Downs-Briggs v. Astrue

Filing 25

ORDER AND OPINION Plaintiff's Motion for Summary re 17 is DENIED. The Clerk will please enter judgment for the Commissioner. Signed by Judge John W Sedwick on 10/29/10. (TLJ)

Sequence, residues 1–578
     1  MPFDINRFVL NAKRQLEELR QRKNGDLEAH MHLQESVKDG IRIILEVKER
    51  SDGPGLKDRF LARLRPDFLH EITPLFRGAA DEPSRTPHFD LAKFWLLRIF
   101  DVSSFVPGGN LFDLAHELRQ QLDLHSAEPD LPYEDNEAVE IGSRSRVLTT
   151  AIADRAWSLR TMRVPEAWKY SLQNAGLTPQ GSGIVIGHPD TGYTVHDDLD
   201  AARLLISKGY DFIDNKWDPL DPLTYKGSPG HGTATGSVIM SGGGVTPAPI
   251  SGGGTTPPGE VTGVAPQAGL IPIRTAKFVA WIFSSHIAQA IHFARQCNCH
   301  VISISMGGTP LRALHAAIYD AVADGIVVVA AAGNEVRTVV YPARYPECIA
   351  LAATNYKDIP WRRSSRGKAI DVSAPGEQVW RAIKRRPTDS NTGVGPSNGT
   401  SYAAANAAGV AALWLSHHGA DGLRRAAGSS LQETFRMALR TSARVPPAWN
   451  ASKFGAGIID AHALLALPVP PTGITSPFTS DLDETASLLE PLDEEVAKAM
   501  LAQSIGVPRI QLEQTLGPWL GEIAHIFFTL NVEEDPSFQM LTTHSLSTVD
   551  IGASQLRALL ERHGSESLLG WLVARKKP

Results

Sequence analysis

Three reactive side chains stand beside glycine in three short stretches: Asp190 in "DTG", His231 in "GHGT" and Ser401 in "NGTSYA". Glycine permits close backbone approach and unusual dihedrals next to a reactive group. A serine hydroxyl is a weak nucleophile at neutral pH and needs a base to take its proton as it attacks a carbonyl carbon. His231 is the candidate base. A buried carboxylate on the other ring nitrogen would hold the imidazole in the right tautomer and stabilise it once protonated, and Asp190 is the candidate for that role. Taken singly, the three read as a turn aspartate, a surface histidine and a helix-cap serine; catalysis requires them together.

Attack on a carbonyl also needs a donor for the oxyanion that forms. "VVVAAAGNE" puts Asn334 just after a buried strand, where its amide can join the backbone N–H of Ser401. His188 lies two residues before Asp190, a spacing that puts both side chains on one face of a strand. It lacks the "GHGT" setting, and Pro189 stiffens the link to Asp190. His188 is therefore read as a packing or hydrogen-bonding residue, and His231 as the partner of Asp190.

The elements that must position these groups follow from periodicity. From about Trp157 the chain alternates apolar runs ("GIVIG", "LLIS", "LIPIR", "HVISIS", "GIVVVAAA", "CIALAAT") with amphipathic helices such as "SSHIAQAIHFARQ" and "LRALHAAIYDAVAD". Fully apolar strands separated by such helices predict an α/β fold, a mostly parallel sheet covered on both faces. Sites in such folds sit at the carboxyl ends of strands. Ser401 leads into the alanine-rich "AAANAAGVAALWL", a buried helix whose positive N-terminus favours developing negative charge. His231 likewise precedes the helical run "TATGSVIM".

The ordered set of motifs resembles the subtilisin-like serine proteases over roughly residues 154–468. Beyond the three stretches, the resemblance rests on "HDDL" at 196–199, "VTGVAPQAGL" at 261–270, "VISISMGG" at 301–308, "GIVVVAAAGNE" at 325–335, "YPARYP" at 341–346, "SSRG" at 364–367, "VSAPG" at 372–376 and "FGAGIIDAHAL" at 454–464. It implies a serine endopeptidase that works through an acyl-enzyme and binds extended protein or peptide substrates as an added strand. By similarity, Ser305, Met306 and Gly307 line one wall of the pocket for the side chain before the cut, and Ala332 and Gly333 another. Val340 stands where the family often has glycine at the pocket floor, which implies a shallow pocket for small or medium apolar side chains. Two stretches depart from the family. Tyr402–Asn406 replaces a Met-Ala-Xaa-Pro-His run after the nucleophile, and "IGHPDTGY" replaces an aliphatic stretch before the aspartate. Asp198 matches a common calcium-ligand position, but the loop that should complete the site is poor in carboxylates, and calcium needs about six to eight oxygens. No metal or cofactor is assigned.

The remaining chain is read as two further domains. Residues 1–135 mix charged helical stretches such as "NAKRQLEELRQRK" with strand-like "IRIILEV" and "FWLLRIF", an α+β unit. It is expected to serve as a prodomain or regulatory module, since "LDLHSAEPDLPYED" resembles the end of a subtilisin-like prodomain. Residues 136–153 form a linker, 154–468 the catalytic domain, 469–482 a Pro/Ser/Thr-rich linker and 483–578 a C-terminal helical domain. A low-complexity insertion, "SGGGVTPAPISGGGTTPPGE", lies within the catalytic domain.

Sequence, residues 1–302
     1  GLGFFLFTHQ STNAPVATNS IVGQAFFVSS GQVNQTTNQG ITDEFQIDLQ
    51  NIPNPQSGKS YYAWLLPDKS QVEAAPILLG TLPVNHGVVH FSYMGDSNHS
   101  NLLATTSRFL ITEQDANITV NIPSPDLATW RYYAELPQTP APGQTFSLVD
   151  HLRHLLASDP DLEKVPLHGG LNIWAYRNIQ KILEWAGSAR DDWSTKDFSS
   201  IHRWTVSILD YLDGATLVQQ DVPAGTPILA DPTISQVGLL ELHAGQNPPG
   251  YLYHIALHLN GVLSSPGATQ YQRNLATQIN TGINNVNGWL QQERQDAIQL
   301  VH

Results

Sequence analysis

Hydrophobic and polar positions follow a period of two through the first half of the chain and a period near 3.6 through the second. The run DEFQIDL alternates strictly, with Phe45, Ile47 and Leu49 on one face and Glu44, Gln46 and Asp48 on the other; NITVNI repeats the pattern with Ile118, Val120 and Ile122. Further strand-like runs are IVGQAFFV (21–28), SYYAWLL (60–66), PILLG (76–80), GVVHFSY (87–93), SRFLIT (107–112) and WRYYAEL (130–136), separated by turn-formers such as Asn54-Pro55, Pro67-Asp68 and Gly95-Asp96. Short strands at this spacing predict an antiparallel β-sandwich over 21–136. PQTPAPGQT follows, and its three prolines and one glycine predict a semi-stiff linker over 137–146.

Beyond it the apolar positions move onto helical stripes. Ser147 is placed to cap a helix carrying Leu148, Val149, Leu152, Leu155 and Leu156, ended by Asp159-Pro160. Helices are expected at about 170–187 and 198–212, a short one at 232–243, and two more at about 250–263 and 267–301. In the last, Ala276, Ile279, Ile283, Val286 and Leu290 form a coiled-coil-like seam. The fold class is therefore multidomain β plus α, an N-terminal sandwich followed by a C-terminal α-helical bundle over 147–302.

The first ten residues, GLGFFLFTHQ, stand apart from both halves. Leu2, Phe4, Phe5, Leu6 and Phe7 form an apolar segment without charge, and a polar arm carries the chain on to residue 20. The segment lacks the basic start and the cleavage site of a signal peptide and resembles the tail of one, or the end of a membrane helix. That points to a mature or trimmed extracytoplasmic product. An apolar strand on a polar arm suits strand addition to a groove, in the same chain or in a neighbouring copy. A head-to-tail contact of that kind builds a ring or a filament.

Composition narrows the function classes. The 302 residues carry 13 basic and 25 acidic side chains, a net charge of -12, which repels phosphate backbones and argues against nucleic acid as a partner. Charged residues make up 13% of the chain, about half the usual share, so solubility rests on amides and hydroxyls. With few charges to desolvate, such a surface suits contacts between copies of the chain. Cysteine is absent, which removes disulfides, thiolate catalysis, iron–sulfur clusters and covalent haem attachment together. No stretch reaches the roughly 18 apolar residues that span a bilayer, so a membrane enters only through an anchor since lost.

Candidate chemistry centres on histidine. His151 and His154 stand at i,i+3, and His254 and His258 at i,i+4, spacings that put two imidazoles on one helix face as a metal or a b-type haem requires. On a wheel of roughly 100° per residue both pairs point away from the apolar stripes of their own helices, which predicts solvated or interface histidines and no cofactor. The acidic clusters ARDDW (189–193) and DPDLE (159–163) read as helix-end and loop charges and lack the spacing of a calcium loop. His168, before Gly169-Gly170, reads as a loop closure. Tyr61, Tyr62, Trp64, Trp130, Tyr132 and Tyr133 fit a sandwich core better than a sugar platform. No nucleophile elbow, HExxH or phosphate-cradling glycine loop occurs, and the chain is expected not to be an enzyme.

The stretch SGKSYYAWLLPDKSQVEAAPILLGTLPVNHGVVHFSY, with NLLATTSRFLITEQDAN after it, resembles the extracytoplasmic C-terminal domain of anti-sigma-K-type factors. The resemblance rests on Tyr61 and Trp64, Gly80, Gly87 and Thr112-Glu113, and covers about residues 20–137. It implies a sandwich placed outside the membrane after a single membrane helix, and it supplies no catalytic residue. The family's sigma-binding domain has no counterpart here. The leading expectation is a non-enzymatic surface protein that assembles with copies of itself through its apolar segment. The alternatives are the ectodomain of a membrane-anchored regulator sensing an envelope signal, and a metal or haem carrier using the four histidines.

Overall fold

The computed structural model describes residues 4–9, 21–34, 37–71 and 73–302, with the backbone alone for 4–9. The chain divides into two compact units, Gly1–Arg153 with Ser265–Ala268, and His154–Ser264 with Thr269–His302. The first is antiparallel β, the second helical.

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Downs-Briggs v. Astrue Doc. 25 IN THE UNITED STATES DISTRICT COURT FOR THE DISTRICT OF ARIZONA KIMBERLY ANN DOWNS-BRIGGS, Plaintiff, vs. MICHAEL J. ASTRUE, Commissioner of Social Security, Defendant. Case No. CV - 09 -1634 - PHX - JWS ORDER AND OPINION [Re: Motion at Docket 17] I. MOTION PRESENTED Plaintiff Kimberly Downs-Briggs ("Downs-Briggs") applied to the Social Security Administration ("SSA") for disability insurance benefits on July 21, 2006.1 After a hearing, the Administrative Law Judge ("ALJ") issued an unfavorable decision,2 and the Appeals Council denied review.3 Downs-Briggs filed a complaint in this court alleging that the final decision denying benefits was in error for several reasons.4 Thereafter, Downs-Briggs filed a motion for summary judgment at docket 17. Defendant Michael J. Astrue ("the Commissioner") filed a response at docket 19, and Downs-Briggs replied at docket 24. For the reasons stated below, the plaintiff's motion is denied.5 1 2 Docket 1; Administrative Record ("AR") 61. AR 7-20. 3 AR 1-3. Docket 1. 4 5 Oral argument was not requested and would not assist the court. II. BACKGROUND Downs-Briggs lost her job after an argument with her supervisor on January 1, 2006. Since that time her medical history has included treatment for various mental and physical impairments, including bipolar disorder, depression, anxiety disorder, energy and motivation irregularities, migraines, and various related symptoms. The ALJ found that Downs-Briggs' bipolar disorder and anxiety disorder were her only severe symptoms. At the hearing, Downs-Briggs testified that her mental impairments were extremely severe; and she presented evidence from her treating physician, Dr. Rockwell, that, if true, would preclude her from working.6 III. STANDARD OF REVIEW The Social Security Act provides for payment of DIB to people who have contributed to the Social Security program and who suffer from a physical or mental disability.7 For purposes of the Act, a "disability" is defined as the "inability to engage in any substantial gainful activity by reason of any medically determinable physical or mental impairment which can be expected . . . to last for a continuous period of not less than 12 months."8 A person is not disabled if he or she is capable of engaging "in any . . . kind of substantial gainful work which exists in the national economy."9 6 AR 45. 7 8 42 U.S.C. 423(a)(1). 42 U.S.C. 423(d)(1)(A). 42 U.S.C. 423(d)(2). 2 9 Upon denial of disability benefits after a hearing by an ALJ, a claimant may request that the SSA Appeals Council review the ALJ's decision.10 "Where, as here, the Appeals Council denies a request for review of an ALJ's decision, the decision of the ALJ represents the final decision of the Commissioner."11 After a final decision of the Commissioner, the claimant may seek judicial review by the district court.12 On de novo review, a district court may enter, upon the pleadings and a transcript of the record, a judgment affirming, modifying, or reversing the ALJ's decision, with or without remanding the case for a rehearing.13 The district court must uphold the ALJ's decision if it is supported by substantial evidence and the ALJ has applied the correct legal standards.14 IV. DISCUSSION Downs-Briggs argues that the ALJ's decision should be reversed because it is based on legal error and is contrary to substantial medical evidence. The principal alleged error is at Steps Four and Five of the evaluation, wherein the ALJ supposedly failed to properly weigh medical evidence and subjective complaint testimony, set forth legally sufficient RFC findings, and apply the GRIDs. Downs-Briggs also alleges, without 10 20 C.F.R. 404.967. Baston v. Commissioner of Social Sec. Admin., 359 F.3d 1190, 1193 n.1 (9th Cir. 2004) (citing 20 C.F.R. 404.981). 12 13 11 42 U.S.C. 405(g). 42 U.S.C. 405(g). Howard ex rel. Wolff v. Barnhart, 341 F.3d 1006, 1011 (9th Cir. 2001). See also Matney v. Sullivan, 981 F.2d 1016, 1019 (9th Cir. 1992) (citing Gonzalez v. Sullivan, 914 F.2d 1197, 1200 (9th Cir. 1990)). 3 14 supporting the allegations, that the ALJ failed to fully and fairly develop the record, and made errors at Step 2 and Step 3. Because the ALJ's final decision was properly based on substantial evidence, and all legal errors were ultimately harmless, the decision will not be overturned on review. I. The ALJ's Residual Functional Capacity Finding Was Legally Sufficient Downs-Briggs alleges that decision contains a legal error because the RFC findings incorrectly weigh physicians' opinion evidence. Downs-Briggs argues that the ALJ did not give clear and convincing reasons for rejecting the treating physicians' opinions, and that the ALJ failed to properly weigh consulting physician evidence. Cases in this circuit distinguish among treating physicians and examining physicians.15 Where the treating doctor's opinion is not contradicted by another doctor, it may be rejected only for "clear and convincing" reasons.16 But if the treating doctor's opinion is contradicted by another doctor, the Commissioner may reject this opinion by providing "specific and legitimate reasons" supported by substantial evidence in the record. 1 7 The ALJ gave great weight to state agency psychologist Dr. Goldberg, finding that his opinion was consistent with the evidence of record. Downs-Briggs argues that For purposes of this Opinion, the term "physician" or "doctor" includes psychologists and other health professionals who do not have M.D.'s. See 20 C.F.R. 404.1527 (defining "medical opinions" as "statements from physicians and psychologists and other acceptable medical sources," and prescribing the respective weight to be given the opinions of treating sources and examining sources). Baxter v. Sullivan, 923 F.2d 1391, 1396 (9th Cir.1991); Embrey v. Bowen, 849 F.2d 418, 422 (9th Cir.1988). 17 16 15 Murray v. Heckler, 722 F.2d 499, 502 (9th Cir.1983). 4 the ALJ should have instead relied on the opinions of Dr. Rockwell, a treating physician, and Dr. Huddleston, an examining physician. The ALJ considered but largely rejected Dr. Rockwell's opinions because they were contradicted by the opinion evidence of Dr. Huddleston. Because the ALJ found that the treatment records were more consistent with Dr. Huddleston's assessments of Downs-Briggs' impairments, the ALJ chose to largely reject Dr. Rockwell's opinion. Because the assessments of Dr. Rockwell were contradicted by other medical evidence, the ALJ was only required to give specific and legitimate reasons for so rejecting this testimony. The ALJ's rejection of Dr. Rockwell's assessment because it was inconsistent with his own treatment records satisfies this standard. The ALJ identified Dr. Rockwell's GAF assessment of 20, indicating suicidal tendencies, which contradicted the doctor's reported lack of suicidal tendencies. Although the plaintiff identifies other medical evidence supporting this GAF score, this does not rehabilitate Dr. Rockwell's opinion from internal inconsistencies. Because one of the reasons given by the ALJ is sufficient, the others will not be considered. Downs-Briggs' arguments are not unpersuasive, but the ALJ's decision was legally sufficient and supported by medical evidence; this court cannot overturn the decision on review simply because it may have reached a different result. The ALJ gave some weight to Dr. Huddleston's assessments, but Downs-Briggs argues that she rejected the doctor's specific residual functional capacity assessments. An ALJ effectively rejects a treating physician's opinion where he ignores it in his opinion and makes contrary findings. "[The] failure to offer reasons for doing so [is] legal 5 error."18 Dr. Huddleston's opinions include only severity ratings (moderate, moderately severe, and severe). Severity ratings do not describe function and do not usefully convey the extent of capacity limitations.19 The ALJ otherwise adopted Dr. Huddleston's assessments. Thus, Dr. Huddleston's opinion evidence were not rejected without comment: the ALJ's findings are substantially supported by them. II. The ALJ's Decision was Sufficient at Step Five Downs-Briggs also alleges that the ALJ did not properly apply the GRIDs. At step five, the ALJ determines whether the claimant is able to perform other work in the national economy in view of her age, education, and work experience, and in light of the residual functional capacity. If so, the claimant is not disabled. If not, the claimant is considered disabled.20 The burden shifts to the Commissioner at step five.21 The Commissioner can meet this burden by reference to the Medical-Vocational Guidelines at 20 C.F.R. pt. 404, subpt. P, app. 2.22 The Medical-Vocational Guidelines are commonly referred to as "the grids." If a claimant's residual functional capacity and vocational characteristics correspond precisely to the grids, the grids are used to direct a finding of "disabled" or "not disabled."23 The grids may be used alone at Step Five where they "completely and accurately represent a claimant's limitations. . . . In other 18 19 20 21 Smolen v. Chater, 80 F.3d 1273, 1286 (9th Cir.1996). POMS DI 24510.065.B.1, available at 2001 WL 1933372. 20 C.F.R. 404.1520(a)(4)(iv), 416.920(a)(4)(iv) (2008). Id. 22 23 Id. at 1099. 20 C.F.R. Pt. 404, Subpt. P, App. 2, 200.00. 6 words, a claimant must be able to perform the full range of jobs in a given category, i.e., sedentary work, light work, or medium work."24 The Ninth Circuit has explained that significant non-exertional impairments, such as poor vision or inability to tolerate dust or gases, may make reliance on the grids inappropriate.25 But mere allegation of a non-exertional limitation "does not automatically preclude application of the grids. The ALJ should first determine if a claimant's non-exertional limitations significantly limit the range of work permitted by his exertional limitations."26 The ALJ found that the grids accurately reflected Downs-Briggs' exertional limitations, and substantial evidence supports the finding that her non-exertional limitations did not preclude use of the grids. Thus, the ALJ's use of the grids was not in error. III. The Other Claimed Deficiencies in the Opinion Are Not Persuasive Downs-Briggs also argues that the ALJ failed to properly weigh subjective symptom testimony, and third-party opinion evidence. When deciding whether to accept subjective symptom testimony from a claimant, the ALJ performs a two-step analysis.27 In the first step, the claimant must produce objective medical evidence of one or more impairments that could reasonably be expected to produce some degree of symptom. There is no question that objective medical evidence supported Downs-Briggs' claimed mental impairments. In the second step, in the absence of malingering, the ALJ may only reject the claimant's subjective 24 25 26 27 Tackett, 180 F.3d at 1101. Id. at 1101-02. Id. at 1102. Smolen v. Chater, 80 F.3d 1273, 1281-82 (9th Cir. 1996). 7 testimony as to the severity of the symptoms by making a specific finding stating clear and convincing reasons for the rejection, including what testimony is not credible and what facts in the administrative record lead to that conclusion. Here, the ALJ rejected Downs-Briggs' subjective testimony because Dr. Huddleston, among other physicians, identified clinical inconsistencies and opined the exaggeration of symptoms was likely. This, combined with Downs-Briggs' own inconsistencies regarding the dates and severity of her symptoms, was sufficient to allow the ALJ to find Downs-Briggs not credible, and so reject her subjective testimony. Downs-Briggs' allegations that the ALJ rejected the opinion of Mr. Melamed is invalid because the ALJ did discuss this opinion, as it was written in conjunction with Dr. Rockwell in June 2008. Next, the court addresses plaintiff's argument about the lay witness statements made by Downs-Briggs' mother. As a general rule, if the ALJ chooses to reject lay evidence, she may not do so without comment.28 However, if the reviewing court can "confidently conclude that no reasonable ALJ, when fully crediting the testimony, could have reached a different disability determination," the reviewing court may find the error harmless.29 The testimony, if credited, would not have affected the outcome of the decision, because the ALJ correctly applied the grids at Step 5, and incorporated Downs-Briggs' mental limitations into the decisions' residual functional capacity findings. The ALJ found that Downs-Briggs suffered from anxiety and bipolar disorders, which is consistent with the lay testimony. Thus, the outcome would not have Nguyen, 100 F.3d at 1467; Dodrill, 12 F.3d at 919; see also Smolen, 80 F.3d at 1289 (dismissing witness testimony simply because witness is family member not sufficiently germane to witness). 29 28 Stout, 454 F.3d at 1056. 8 differed had the testimony been credited, and the failure to discuss the lay testimony was harmless error. Finally, Downs-Briggs briefly argues that the ALJ failed to find her migraine headaches severe at Step 2, that the ALJ failed to fully and fairly develop the record, and that she met listing-level severity of bipolar disorder and migraine headaches at Step 3. The brief makes no legal arguments beyond these bare allegations, and the court finds no validity in these arguments.30 V. CONCLUSION For the reasons set forth above, the ALJ's decision to deny benefits is supported by substantial evidence. This court finds no legal error. Plaintiff's Motion for Summary Judgment at Docket 17 is DENIED. The Clerk will please enter judgment for the Commissioner. DATED this 29th day of October 2010. /s/ JOHN W. SEDWICK UNITED STATES DISTRICT JUDGE Plaintiff bears the burden of proving that her headaches were a severe impairment, possibly precluding work, which she failed to do. Yuckert, 482 U.S. n.5. Plaintiff also failed to state how 20 C.F.R. pt. 404, Subpt. P, app. 1 12.04 applies to her situation in any way beyond conclusory statements in the Reply brief. 9 30